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Where can I get ahi-grade tuna in Orlando/Seminole County?

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Big Bad Voodoo Lou Sep 10, 2007 10:05 PM

I got a sushi-making kit as a gift a few years ago, and have yet to bust it out. I would love to try it, though. I figure I could have some friends over and make California rolls (not my favorite, but usually well-received) and spicy tuna rolls, but can I just use the tuna from the Publix seafood department and serve it raw? Is it fresh enough, and safe? If not, is there a place that a normal person can get ahi-grade tuna? (I live in Casselberry, but can pretty much go anywhere around Orlando.) How much should I expect to pay for such tuna?

  1. Frodnesor Sep 11, 2007 06:42 AM

    Ahi is a type of tuna (a particular sub-species of fish, yellow-fin - as distinguished from blue-fin, the other most common type of tuna used for sushi) and not a grade. I think what you are looking for is "sushi grade tuna" (ahi or otherwise) and what is at your average Publix is definitely not that. Indeed, if your local Publixs are anything like those here in Miami, there is very little I would actually eat from their seafood department, raw or cooked.

    Though I don't know your neck of the woods, I'd suggest you look for either (1) a Japanese market; or (2) a good (not Publix) seafood market. A good Japanese market may have frozen sushi-grade fish. Don't necessarily be afraid of frozen, a good frozen sushi-grade fish will often be better than a lousy fresh one (which at many lesser fish markets may be frozen and thawed anyway). Indeed, some of the best sushi restaurants will often use fish that is flown in from Japan after being "super-frozen" (special freezing process at super-low temperatures that better preserves structural integrity and flavor) and locally in Miami I know of at least one Japanese market that can get super-frozen tuna and hamachi. Ask for instructions for how to thaw.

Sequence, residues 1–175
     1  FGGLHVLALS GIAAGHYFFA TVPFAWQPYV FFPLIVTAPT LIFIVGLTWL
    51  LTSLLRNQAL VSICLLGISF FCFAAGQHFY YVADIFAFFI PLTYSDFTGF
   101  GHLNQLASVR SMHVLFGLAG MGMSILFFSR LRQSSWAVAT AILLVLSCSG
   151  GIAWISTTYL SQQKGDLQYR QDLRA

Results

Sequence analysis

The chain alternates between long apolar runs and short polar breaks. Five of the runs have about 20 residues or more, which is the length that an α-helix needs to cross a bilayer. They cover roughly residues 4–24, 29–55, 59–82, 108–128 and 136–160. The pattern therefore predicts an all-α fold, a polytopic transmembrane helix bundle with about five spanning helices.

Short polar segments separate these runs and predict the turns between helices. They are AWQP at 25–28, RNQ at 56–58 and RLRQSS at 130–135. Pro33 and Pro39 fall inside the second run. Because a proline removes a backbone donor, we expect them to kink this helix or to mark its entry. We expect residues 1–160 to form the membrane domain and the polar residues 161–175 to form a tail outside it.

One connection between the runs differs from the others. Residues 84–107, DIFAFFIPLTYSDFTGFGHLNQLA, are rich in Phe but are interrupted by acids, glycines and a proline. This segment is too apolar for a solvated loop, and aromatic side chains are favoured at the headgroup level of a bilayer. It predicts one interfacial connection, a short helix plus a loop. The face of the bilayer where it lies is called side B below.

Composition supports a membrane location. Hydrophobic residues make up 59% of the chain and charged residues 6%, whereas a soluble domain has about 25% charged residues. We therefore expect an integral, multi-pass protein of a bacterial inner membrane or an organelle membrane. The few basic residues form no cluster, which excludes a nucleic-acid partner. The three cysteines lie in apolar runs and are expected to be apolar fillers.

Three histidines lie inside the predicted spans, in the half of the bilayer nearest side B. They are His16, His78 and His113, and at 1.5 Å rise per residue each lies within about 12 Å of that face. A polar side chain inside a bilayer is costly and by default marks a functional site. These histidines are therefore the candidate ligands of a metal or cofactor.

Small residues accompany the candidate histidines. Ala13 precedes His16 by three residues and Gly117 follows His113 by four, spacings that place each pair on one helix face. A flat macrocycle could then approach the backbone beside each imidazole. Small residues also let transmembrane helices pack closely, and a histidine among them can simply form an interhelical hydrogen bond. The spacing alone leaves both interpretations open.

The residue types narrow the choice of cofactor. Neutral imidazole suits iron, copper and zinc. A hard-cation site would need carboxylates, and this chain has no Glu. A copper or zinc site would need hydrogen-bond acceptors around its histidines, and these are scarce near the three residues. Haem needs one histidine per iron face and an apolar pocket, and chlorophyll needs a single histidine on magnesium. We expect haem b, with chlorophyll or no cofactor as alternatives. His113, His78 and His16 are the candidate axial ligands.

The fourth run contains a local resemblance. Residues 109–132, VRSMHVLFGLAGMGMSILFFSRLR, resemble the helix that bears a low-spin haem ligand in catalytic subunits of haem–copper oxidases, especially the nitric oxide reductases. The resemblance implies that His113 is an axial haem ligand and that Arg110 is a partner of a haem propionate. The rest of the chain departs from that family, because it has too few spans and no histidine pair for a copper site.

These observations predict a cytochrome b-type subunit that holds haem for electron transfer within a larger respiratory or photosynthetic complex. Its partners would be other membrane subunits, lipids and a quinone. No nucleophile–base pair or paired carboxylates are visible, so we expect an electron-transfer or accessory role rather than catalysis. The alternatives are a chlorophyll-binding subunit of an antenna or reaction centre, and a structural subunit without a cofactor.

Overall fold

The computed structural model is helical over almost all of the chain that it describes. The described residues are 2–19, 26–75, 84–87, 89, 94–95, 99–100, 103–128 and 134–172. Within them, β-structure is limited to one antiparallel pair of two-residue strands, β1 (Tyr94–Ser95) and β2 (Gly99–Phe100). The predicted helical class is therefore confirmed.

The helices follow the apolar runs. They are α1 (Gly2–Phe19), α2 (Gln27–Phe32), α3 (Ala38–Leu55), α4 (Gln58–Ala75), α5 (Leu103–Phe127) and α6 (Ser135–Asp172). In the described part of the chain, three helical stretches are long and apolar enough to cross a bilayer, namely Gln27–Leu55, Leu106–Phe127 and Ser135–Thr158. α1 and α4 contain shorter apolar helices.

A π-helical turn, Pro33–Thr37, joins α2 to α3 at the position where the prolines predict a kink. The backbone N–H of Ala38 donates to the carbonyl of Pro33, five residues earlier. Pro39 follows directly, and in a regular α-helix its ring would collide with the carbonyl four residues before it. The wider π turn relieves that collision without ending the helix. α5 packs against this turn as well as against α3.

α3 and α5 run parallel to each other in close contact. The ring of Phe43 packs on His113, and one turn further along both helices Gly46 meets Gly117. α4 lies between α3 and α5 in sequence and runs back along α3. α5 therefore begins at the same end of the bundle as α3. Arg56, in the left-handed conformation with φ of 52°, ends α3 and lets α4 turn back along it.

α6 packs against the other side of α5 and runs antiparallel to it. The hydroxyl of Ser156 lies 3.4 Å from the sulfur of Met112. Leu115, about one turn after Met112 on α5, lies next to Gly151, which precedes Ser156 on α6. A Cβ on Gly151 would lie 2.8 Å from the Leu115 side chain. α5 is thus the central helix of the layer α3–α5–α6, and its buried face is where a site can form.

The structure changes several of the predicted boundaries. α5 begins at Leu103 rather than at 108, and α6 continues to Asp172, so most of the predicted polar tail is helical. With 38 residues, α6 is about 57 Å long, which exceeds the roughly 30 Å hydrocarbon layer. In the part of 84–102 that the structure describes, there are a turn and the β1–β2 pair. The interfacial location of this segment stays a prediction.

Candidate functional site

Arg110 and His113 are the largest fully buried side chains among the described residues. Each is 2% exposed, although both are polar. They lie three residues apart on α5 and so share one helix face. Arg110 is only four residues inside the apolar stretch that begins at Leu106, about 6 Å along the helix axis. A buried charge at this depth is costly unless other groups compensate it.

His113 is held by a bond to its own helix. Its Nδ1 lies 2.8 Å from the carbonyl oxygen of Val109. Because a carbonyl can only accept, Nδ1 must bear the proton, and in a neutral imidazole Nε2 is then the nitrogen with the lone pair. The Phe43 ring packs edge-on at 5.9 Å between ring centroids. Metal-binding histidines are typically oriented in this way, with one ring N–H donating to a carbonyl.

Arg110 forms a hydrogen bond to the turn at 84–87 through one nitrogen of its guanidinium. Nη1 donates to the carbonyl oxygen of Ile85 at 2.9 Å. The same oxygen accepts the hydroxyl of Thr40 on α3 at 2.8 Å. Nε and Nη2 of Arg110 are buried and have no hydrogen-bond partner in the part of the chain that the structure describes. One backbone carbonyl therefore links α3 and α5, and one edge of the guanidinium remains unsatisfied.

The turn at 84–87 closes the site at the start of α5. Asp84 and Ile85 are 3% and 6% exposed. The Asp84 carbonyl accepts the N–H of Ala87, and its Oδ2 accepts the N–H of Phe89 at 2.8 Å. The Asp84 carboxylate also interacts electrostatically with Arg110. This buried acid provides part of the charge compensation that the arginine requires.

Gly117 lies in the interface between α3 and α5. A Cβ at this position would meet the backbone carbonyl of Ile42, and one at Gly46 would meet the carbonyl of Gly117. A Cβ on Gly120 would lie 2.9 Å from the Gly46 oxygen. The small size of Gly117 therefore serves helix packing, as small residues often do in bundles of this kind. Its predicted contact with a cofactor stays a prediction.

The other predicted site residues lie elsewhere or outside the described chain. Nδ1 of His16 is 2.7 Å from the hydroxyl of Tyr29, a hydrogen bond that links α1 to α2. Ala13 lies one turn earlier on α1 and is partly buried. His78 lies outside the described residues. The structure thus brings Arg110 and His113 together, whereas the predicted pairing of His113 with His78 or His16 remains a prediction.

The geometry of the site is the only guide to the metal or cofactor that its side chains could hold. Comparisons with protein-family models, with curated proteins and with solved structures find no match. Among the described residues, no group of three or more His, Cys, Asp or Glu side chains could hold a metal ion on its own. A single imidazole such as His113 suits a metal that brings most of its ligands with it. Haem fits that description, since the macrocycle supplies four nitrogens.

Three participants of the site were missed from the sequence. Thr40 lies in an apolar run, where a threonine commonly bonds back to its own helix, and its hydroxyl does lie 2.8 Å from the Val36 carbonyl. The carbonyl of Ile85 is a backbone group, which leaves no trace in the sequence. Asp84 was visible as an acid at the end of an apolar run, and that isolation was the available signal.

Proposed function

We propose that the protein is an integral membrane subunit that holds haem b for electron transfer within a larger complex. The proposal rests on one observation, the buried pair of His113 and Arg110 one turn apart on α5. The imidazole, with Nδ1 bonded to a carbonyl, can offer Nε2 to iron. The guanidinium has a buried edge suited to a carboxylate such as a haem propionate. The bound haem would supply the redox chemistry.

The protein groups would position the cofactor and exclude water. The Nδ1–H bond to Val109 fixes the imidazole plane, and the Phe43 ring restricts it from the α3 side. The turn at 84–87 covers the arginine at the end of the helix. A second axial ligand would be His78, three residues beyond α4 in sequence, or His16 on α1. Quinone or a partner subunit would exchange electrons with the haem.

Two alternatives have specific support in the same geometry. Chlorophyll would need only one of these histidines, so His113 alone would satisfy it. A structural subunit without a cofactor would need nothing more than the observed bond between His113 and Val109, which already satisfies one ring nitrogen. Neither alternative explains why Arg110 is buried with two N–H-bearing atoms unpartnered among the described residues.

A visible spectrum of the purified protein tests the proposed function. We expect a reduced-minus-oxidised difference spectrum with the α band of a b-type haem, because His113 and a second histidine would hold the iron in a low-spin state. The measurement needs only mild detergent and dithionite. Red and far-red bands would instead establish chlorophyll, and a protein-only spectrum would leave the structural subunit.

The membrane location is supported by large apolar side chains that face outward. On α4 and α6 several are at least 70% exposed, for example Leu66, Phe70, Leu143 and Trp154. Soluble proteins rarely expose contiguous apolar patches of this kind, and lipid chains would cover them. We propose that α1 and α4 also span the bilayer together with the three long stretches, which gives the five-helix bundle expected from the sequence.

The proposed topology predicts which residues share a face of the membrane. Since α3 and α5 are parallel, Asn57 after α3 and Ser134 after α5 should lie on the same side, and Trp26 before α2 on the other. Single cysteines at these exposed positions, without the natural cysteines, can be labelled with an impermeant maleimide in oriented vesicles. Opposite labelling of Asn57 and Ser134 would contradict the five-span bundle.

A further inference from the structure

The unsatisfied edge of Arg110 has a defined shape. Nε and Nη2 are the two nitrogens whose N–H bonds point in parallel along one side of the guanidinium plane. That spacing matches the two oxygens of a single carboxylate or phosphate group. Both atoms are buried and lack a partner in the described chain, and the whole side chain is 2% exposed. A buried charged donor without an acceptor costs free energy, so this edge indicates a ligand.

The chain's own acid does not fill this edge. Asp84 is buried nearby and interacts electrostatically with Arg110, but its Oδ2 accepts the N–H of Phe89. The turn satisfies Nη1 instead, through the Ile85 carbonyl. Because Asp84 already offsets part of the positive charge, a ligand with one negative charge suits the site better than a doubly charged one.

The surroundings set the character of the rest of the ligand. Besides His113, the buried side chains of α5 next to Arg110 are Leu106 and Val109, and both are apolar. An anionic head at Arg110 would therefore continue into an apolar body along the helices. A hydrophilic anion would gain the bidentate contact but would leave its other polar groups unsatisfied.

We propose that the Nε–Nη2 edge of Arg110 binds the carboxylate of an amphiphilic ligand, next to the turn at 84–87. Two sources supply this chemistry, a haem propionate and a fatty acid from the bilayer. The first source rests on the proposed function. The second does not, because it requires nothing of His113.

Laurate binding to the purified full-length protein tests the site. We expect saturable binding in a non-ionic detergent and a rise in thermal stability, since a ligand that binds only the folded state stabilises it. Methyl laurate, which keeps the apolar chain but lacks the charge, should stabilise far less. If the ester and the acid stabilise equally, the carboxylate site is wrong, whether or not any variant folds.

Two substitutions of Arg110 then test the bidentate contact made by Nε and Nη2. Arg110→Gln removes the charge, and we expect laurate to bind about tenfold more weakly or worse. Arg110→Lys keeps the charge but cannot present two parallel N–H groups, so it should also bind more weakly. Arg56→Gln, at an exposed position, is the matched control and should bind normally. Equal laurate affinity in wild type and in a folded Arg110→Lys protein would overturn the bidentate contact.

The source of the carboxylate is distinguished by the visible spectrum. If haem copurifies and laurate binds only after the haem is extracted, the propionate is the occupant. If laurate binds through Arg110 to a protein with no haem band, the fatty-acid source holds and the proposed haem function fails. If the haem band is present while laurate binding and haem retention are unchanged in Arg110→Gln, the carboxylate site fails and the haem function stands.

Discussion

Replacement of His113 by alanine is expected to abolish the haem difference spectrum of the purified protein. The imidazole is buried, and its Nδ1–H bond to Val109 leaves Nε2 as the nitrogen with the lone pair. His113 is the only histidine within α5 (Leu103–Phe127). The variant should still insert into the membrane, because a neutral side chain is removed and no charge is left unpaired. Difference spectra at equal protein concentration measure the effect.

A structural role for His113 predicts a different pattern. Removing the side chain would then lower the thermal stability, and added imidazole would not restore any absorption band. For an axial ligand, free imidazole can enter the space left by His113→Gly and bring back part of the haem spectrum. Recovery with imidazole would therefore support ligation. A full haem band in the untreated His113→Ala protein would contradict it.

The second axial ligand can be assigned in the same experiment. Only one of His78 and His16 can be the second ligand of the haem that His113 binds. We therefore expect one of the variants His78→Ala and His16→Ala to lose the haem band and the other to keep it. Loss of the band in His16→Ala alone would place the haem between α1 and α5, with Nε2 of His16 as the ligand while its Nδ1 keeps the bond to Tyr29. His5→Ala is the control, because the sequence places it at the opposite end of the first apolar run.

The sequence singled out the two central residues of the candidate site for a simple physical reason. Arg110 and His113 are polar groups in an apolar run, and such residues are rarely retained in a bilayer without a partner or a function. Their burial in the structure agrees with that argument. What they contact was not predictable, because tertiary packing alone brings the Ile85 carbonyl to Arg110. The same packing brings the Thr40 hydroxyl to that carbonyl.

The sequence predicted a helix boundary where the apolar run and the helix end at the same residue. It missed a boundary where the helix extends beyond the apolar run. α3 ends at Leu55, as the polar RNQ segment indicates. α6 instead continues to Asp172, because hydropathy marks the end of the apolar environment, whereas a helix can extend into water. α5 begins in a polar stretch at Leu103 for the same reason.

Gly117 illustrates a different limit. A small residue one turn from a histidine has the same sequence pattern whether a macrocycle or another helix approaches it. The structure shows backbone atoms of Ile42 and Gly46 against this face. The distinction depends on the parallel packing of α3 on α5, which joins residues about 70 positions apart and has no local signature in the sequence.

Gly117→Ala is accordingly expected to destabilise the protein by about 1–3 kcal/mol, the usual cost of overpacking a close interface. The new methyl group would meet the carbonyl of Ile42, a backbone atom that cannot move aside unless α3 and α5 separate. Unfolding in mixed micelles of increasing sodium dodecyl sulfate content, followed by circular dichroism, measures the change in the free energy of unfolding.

Most seafood markets will now make a point of advertising that they have sushi grade fish (if they do). I would only eat something raw from a reliable seafood market - but if they were reliable, I wouldn't necessarily limit myself to what's labeled as sushi grade (though I would definitely ask the fishmonger first).

    I suspect you will pay somewhere around $15/lb for sushi grade tuna, possibly more.

    Here's a thread I googled up on Japanese markets in Orlando:
    http://japanese.meetup.com/95/message...

    1. katygirl Sep 11, 2007 07:56 AM

      Try Dong A on 17-92 just north of Mills (coming from Casselberry it will be on the left). It's a great store that has just about everything! (Also, here's a trick for your sushi kit: wrap your map in plastic wrap before you use it. Otherwise it's very difficult to clean!)

      1. bkhuna Sep 11, 2007 11:05 AM

        If you're up to the drive, there are a couple of seafood markets at Port Canaveral that are about as fresh as anything you're going to find. We buy most of our fish from Seafood Atlantic or Wild Ocean Seafood. We've been fortunate on several occasions to get fish right off the boat. Call ahead and find out what's the freshest.

        1. Frodnesor Sep 11, 2007 11:43 AM

          Further note - unlike something like an USDA grade (i.e. "prime" beef), "sushi-grade" does not have any government regulated meaning. For more info see ->
          http://www.sushifaq.com/sushi-grade-f...

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